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Right on Crime | November 13, 2010
Conservative advocates of criminal justice reform sometimes have their “tough on crime” bona fides questioned, but Alabama Governor-Elect Robert Bentley demonstrates why such criticisms are unfounded. On his campaign website, he listed the following as a point in his “Law Enforcement and Crime Prevention” platform:
“Non-violent criminals, and only non-violent criminals, should be rehabilitated to prevent their return to crime when they have finished serving their sentences.”
The italics are his — and they’re noteworthy. He goes on to say, “As Governor, I will ensure that criminals receive a punishment that fits the crime they committed. Unfortunately, Alabama’s criminal justice system suffers from intense overcrowding. This is because the ‘lock them up and throw away the key’ mentality does not work for individuals convicted of non-violent crimes.” Bentley was explaining to voters that he is serious about rehabilitating non-violent criminals, but he is not going to put Alabama’s public safety at risk by focusing rehabilitation and re-entry resources on violent offenders. Those offenders will remain incapacitated in prison, where they belong.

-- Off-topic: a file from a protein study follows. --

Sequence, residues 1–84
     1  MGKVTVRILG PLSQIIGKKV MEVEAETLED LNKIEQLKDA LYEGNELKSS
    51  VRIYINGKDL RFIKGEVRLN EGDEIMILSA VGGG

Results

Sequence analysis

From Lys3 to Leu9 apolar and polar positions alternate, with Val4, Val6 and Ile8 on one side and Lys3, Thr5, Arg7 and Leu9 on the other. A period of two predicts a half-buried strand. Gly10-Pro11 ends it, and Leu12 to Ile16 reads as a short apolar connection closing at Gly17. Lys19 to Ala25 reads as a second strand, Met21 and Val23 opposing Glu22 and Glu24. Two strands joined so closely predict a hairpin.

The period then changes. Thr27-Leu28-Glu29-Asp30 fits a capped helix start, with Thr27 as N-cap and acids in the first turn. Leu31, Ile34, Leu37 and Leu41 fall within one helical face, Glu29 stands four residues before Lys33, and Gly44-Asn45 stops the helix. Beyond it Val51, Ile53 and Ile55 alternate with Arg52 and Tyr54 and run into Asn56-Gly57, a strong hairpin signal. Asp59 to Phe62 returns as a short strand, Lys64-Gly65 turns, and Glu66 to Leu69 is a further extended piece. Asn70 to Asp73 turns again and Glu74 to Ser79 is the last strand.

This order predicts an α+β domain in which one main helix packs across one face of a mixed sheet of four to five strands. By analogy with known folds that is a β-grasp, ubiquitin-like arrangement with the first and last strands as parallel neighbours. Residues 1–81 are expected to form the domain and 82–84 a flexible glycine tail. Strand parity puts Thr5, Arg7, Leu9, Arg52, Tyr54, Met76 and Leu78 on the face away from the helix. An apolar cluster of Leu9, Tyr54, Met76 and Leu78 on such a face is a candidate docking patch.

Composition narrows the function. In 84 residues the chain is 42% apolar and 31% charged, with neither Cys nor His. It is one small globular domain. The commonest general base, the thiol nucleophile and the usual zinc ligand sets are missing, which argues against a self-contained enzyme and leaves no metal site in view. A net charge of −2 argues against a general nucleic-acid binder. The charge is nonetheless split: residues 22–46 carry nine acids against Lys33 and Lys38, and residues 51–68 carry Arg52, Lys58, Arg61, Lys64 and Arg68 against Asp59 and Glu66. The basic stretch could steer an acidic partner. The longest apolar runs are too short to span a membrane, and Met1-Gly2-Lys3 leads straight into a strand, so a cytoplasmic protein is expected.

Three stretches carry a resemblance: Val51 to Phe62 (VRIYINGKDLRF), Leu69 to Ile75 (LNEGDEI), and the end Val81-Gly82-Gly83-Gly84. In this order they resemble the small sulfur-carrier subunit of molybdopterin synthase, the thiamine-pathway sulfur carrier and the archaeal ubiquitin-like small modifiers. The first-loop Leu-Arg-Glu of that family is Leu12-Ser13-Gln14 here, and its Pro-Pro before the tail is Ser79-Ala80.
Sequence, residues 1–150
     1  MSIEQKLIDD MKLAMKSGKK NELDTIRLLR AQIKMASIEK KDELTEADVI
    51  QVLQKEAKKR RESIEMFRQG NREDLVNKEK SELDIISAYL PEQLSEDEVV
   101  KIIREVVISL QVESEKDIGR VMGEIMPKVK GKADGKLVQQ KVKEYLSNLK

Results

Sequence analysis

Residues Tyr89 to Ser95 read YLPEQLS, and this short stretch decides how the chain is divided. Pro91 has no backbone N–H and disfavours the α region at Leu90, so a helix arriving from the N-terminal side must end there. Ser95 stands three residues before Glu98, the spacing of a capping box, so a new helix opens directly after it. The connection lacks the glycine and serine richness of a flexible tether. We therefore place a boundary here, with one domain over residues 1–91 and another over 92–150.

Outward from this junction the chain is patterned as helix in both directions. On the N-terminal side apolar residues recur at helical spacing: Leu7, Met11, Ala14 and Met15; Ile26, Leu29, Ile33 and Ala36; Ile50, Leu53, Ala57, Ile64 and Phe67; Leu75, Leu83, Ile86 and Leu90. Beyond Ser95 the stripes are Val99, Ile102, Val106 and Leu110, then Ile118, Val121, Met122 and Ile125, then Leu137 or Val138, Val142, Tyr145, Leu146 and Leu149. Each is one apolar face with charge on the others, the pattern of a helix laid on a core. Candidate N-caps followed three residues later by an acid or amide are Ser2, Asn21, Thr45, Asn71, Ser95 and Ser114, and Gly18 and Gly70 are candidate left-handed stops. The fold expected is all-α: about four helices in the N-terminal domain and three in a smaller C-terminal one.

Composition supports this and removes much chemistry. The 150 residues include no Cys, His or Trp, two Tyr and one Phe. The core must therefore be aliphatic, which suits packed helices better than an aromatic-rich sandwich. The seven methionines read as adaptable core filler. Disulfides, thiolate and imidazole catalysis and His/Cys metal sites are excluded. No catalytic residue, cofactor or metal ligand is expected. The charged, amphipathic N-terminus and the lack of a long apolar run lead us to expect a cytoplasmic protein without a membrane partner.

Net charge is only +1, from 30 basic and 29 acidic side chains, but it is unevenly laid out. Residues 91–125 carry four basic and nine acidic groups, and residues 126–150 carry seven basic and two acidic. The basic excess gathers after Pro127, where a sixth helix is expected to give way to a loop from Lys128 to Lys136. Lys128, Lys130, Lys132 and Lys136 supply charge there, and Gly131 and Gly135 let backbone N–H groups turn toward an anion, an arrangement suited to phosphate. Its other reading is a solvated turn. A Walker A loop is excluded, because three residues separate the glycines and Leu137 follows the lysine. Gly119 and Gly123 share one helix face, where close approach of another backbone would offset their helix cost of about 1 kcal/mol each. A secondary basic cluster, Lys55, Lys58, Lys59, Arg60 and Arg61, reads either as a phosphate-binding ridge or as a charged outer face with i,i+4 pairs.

Soft on crime? Alabama voters don’t think so. They’ve elected Bentley to become their 53rd Governor, and he’ll get the chance to start enacting his smart and tough platform on January 17th.